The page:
Tuesday, January 12, 2010

The European Court of Human Rights

1/12/2010—A panel of the last session at the AALS convention this year concerned the freedom of religion and belief under Article 9 of the European Convention for the Protection of Human Rights and Fundamental Freedoms. The panelists described a court unwilling to defend religious rights. That was surprising to me. Equally surprising was the suggestion that the court has viewed Islam as essentially incompatible with democracy and has allowed governments to suppress religious dress, as in the French headscarf case.

It is not the language of Article 9 that is at fault, but the apparent willingness of the court to accommodate the claimed needs of government at the expense of religious liberty.

It is true that the United States Supreme Court has sometimes acted the same way. In Goldman v. Weinberger (1986), the Court held that the Air Force could keep an ordained rabbi from wearing his yarmulke while on duty. And, given Employment Division v. Smith (1990), religious objectors now have almost no constitutional religious rights versus generally applicable regulations.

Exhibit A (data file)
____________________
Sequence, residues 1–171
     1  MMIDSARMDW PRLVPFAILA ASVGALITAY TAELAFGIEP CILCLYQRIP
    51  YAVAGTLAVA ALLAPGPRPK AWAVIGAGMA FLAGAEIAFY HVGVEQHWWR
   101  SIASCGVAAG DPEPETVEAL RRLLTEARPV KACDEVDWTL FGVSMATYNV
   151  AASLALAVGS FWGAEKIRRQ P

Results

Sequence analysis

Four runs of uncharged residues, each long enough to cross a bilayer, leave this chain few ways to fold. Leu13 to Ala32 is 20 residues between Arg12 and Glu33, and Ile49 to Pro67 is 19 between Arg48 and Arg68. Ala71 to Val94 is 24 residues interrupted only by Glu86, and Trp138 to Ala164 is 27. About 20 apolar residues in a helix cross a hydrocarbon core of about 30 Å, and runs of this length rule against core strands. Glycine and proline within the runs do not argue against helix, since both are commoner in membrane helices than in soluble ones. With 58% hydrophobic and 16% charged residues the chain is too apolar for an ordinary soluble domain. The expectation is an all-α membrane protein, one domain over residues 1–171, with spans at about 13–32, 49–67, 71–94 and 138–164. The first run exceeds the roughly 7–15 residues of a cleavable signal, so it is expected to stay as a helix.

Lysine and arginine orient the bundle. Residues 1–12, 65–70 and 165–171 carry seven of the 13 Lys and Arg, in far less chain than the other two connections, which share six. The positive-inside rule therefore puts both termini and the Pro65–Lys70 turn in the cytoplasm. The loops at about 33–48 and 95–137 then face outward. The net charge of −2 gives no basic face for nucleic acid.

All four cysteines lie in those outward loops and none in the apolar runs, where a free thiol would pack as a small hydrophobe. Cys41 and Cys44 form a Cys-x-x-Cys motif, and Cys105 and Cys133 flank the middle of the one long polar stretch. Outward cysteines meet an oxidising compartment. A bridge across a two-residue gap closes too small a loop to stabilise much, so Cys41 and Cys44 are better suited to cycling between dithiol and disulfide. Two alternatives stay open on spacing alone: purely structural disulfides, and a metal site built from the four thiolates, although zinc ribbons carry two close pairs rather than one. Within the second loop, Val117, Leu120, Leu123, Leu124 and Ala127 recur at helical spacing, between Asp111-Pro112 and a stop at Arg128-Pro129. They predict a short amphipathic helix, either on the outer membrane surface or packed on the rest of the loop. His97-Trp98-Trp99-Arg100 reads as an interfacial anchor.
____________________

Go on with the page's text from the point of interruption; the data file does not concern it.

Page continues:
Nevertheless, American society is such that religious rights are usually protected despite the Supreme Court. If the Court has not done all it should, the American people have done more. That is not as true in Europe. It is inconceivable that America would deprive Muslims of the right to choose headwear in schools.

The panel conversation reminded me of a dark time in American life when free speech was denied to Communists on the ground that they would deny free speech rights to others were they to achieve political power. We have learned that human rights are best protected when they are extended to all and not just to those whom we view as “deserving” them.

1 comment:

  1. The Europeans should certainly know about Turkey's compatibility between political Islam and democracy.

    Yes, the French are as imbued with secularism as the US is with religiousness. Remember that the French also ban large crosses and all religious dress, not just Islamic. Given that French kings were God's representative on earth, so that the French Revolution was explicitly anti-religious, the difference is understandable.